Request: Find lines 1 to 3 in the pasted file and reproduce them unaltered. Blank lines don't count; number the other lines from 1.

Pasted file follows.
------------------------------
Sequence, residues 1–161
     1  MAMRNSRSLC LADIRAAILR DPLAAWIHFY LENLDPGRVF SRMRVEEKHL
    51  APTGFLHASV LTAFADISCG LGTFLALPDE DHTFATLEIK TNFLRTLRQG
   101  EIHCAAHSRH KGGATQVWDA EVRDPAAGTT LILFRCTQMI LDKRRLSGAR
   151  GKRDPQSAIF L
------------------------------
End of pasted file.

Sequence, residues 1–161
     1  MAMRNSRSLC LADIRAAILR DPLAAWIHFY LENLDPGRVF SRMRVEEKHL
    51  APTGFLHASV LTAFADISCG LGTFLALPDE DHTFATLEIK TNFLRTLRQG